moderator with four panelists on stage
(L to R) Frank Abe, Jeanne Sakata, Rod Kawakami, Lorrie Bannai, and Daniel Ichinaga. Photo by Monica Kong.

Rod Kawakami, Lorrie Bannai, and Daniel Ichinaga took us inside their legal strategy to refute the claim of military necessity used to justify the wartime incarceration. On the eve of the hearing, Kawakami described how the government offered Gordon a Presidential pardon in exchange for dropping the case; it was revealing of Gordon’s character that he rejected the offer, saying “We should be the ones pardoning the government.”

While preparing for the panel, I dug up an article I wrote for the Pacific Citizen in November 1985 that examined in detail the final written arguments in the “Clash of Legal Arguments in ‘Civil Liberties Case of the Century.’” It was remarkable that we could share our memories of being in the same place at the same time — Rod and Daniel representing Gordon, me covering the hearing as a reporter — and each of us feeling the weight of history being re-enacted in that courtroom.

See more pictures from the panel in this Facebook photo album. HOLD THESE TRUTHS runs through Sunday, August 16.

REVIEW: A jarring addition to new edition of “No-No Boy”

No-No Boy cover illustrationWhen the University of Washington Press republished one of its most enduring titles with a new cover and introduction, editor Alan Lau of the International Examiner’s Pacific Reader section asked me to critique the new edition, to report on whether the book still stands the test of time after nearly 60 years, and what it says to us now. What I found was a jarring and misguided addition made by the Press to John Okada’s text, in its otherwise fine new paperback edition.

Still the Great Japanese American Tragedy

No-No Boy by John Okada
the new University of Washington Press edition

reviewed by Frank Abe
special to the International Examiner, July 15-August 4, 2015

The appearance of the first new edition of John Okada’s No-No Boy in nearly 40 years offers the chance for re-evaluation of his work. As someone with a long connection with the novel, I find there’s much to like about the new edition – and one thing profoundly wrong.

After more than 100,000 copies in 13 printings, the University of Washington Press has republished this foundational work along with five others in its “Classics of Asian American Literature” series, with new covers and introductions.

First, the good. The new cover illustration reflects a lot of thought. I’ll miss the menace of the 1976 design by Bob Onodera of San Francisco, with the flags of the U.S. and Imperial Japan peering from the eyes of draft resister Ichiro Yamada’s surly face, partly because Bob based it on a photograph of myself taken the year before at the Asian American Theater Workshop. He designed the title with Army stencil font against a brown background that suggests the texture of a paper grocery bag of the kind used at Yamada grocery …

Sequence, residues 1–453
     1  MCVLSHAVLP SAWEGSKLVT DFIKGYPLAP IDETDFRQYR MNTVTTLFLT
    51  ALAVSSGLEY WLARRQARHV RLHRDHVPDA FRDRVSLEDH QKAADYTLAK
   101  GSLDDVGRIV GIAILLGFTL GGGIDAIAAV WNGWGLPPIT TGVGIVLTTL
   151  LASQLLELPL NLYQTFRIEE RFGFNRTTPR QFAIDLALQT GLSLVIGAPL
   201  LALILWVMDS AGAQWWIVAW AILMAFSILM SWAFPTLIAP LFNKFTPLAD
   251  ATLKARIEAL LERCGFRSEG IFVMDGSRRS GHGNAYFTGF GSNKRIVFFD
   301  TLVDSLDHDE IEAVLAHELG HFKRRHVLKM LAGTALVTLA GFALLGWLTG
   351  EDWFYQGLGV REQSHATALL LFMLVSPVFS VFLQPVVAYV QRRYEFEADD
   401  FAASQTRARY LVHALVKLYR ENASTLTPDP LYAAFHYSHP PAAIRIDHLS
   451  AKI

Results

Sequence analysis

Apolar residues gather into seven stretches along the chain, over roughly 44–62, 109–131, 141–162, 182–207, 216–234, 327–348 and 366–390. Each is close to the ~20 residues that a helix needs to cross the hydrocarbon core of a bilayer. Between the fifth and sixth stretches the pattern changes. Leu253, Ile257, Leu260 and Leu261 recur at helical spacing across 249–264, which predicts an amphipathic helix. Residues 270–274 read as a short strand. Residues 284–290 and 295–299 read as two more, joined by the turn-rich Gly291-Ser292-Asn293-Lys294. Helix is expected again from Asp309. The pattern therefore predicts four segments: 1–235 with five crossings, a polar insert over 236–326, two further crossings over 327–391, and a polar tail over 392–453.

So here’s the problem with this new edition: At the end of the Preface, someone added the name “John Okada,” as if he had signed it as a statement from the author.

This attribution never existed in the original Tuttle hardcover overseen by Okada, or the CARP paperback reprint. It was not authorized by the Okada family. It interrupts the dream woven by Okada’s fiction, and violates Okada’s artistic intent. Read more …

page from newspaper

How happy ending in staged “NO-NO BOY” bowdlerizes Okada’s novel

Successfully adapting any work to the stage presents a challenge. The fact that it isn’t easy doesn’t justify violating the author’s intent.

Pan Asian Rep posterIn response to our commentary about the slapping of a happy ending on the staged version of No-No Boy that is still being pitched for a national tour by the Pan Asian Repertory Theater of New York, dramatist Ken Narasaki acknowledges in a recent Discover Nikkei blog that he couldn’t find a way to make the original ending work onstage. He also says we cannot criticize his ending without having seen the script.

John Okada’s No-No Boy is the great Japanese American tragedy. Much of its power stems from its open-ended conclusion that sends draft resister Ichiro Yamada into the darkness of postwar Japanese America, searching for answers not just for himself but for all those in his world.

The last scene of this stage adaptation reduces Okada’s epic vision to sentiment and schmaltz, so as to leave the audience with a comfortable feeling of tidy resolution, complete with callbacks to isolated lines from earlier in the novel to support an outcome never intended by Okada.

As Mr. Narasaki permits scrutiny of his adaptation only by those who have seen or read it, here then is the last scene. It is as we described it:

Lights shift: